Read: Four ETFs targeting clean water, wind energy, the smart grid — and one that has them all

Digging into the new funds

The two most similar funds are the iShares Paris Aligned Climate ETF and SPDR MSCI USA Climate Paris Aligned, both of which use similar indexes, MSCI USA Climate Paris Aligned Index and the MSCI USA Climate Paris Aligned Benchmark Extended Select Index. Those are narrower versions of the parent MSCI USA index, a blend of large- and mid-cap companies.

The funds use slightly different descriptions of the fund’s strategy, but essentially both seek to align with the Paris Agreement on climate change to limit the increase in the global average temperature to well below 2 degrees Celsius. Both funds cost 0.10% annually, and the ETF Research Center’s fund overlap tool shows their holdings overlap 86% by weighting.

The top 10 holdings are similar, including No. 1 Apple, No. 2 Microsoft, right around 8.2% and 6.3%, respectively. That is a heavier weighting than the parent index’s, MSCI USA Index, and the SPDR S&P 500 Trust ETF’s
SPY,
+2.39%.

Overall the two funds have six of the same top 10 holdings as the S&P 500 Index
SPX,
+2.39%
and seven of the same top 10 holdings of the MSCI USA Index. Those two funds have heavier weightings to technology and real estate versus the large blend category, and that tech-heavy weighting is also causing those funds to lag their peers, too.

Are the new funds the same as older ESG funds but simply with a new name? It doesn’t appear so.

Comparing the new iShares fund with the largest ESG fund by assets, the $22.7 billion iShares ESG Aware MSCI USA ETF
ESGU,
+2.58%
and another big climate-focused fund, the $1.1 billion BlackRock U.S. Carbon Transition Readiness ETF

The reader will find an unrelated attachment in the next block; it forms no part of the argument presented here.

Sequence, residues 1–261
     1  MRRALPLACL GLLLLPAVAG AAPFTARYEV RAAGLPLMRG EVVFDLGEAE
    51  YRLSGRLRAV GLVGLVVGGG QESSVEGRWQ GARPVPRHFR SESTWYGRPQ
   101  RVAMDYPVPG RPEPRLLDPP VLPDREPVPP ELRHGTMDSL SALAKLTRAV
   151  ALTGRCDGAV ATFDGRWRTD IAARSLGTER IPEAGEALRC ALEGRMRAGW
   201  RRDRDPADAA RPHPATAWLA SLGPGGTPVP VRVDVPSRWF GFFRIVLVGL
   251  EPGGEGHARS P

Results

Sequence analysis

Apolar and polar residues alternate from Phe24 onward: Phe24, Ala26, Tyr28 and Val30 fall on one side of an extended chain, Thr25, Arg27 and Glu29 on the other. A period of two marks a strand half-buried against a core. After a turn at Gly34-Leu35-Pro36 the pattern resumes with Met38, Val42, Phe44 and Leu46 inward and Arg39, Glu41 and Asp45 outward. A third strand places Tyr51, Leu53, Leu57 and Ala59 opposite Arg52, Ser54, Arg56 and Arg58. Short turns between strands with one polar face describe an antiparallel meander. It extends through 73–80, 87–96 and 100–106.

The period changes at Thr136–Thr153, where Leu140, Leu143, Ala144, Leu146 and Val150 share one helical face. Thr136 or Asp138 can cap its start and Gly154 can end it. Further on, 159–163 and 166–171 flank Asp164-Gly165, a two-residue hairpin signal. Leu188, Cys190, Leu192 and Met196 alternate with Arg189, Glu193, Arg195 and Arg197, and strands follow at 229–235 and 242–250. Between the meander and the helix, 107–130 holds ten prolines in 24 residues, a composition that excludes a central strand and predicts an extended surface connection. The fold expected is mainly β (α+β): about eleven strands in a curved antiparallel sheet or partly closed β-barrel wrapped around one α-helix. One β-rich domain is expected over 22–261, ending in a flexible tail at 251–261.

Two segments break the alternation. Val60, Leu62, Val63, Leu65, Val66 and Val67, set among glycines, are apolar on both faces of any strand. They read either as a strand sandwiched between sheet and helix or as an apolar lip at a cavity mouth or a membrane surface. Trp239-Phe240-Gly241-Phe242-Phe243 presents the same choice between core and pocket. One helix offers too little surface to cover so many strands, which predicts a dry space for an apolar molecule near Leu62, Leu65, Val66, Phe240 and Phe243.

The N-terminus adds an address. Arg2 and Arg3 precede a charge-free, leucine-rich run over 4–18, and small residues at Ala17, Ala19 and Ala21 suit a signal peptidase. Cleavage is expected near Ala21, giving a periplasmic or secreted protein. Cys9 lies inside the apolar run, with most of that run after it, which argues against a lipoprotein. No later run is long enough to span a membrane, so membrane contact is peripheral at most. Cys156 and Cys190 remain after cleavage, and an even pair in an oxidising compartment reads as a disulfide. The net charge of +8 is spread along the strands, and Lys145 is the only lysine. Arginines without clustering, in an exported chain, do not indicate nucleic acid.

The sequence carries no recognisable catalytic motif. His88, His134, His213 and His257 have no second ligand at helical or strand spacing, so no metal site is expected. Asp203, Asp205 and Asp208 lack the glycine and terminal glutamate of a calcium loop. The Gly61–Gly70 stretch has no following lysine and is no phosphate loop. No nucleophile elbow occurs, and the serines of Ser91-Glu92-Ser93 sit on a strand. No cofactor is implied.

LCTU,
+2.53%,
shows a little more of half of the new funds overlap the established ETFs by weighting.

The top 10 holdings are similar with all of the funds, but the ETF Research Center’s fund-overlap tool shows the iShares climate fund’s holdings overlap by 59% compared to the iShares ESG Aware fund. For the iShares climate fund and the BlackRock fund, the overlap is 55%.

A number of the new climate-focused ETFs are actively managed, which makes comparisons to a passive index unfair. But for investors who are willing to pay more in fees and want something different than the market-cap indexes, that’s an option. Engine No. 1 Transform Climate ETF costs 0.75% and is considered a large value fund by Morningstar. Its holdings are vastly different from the new iShares climate fund, with only 3% overlap, according to the ETF Research Center. It owns companies the fund managers believe will drive and benefit from the energy transition, including No. 1 holding General Motors
GM,
+7.45%
and No. 9 holding Shell
SHEL,
+2.68%.

Stankiewicz says active funds can more easily engage directly with portfolio companies about sustainable business practices. Those portfolios are often more concentrated that passive index funds.

How do you know what fund is right for you? As usual with ESG funds, they require more due diligence to make sure they align with your beliefs.

More on MarketWatch:

You can count value-oriented ESG funds on one hand. That’s painful for investors as tech melts down

‘Drill, baby, drill’ is back amid the energy crisis, and that puts ESG efforts on the back burner

If we take these five steps now, we can ward off a climate disaster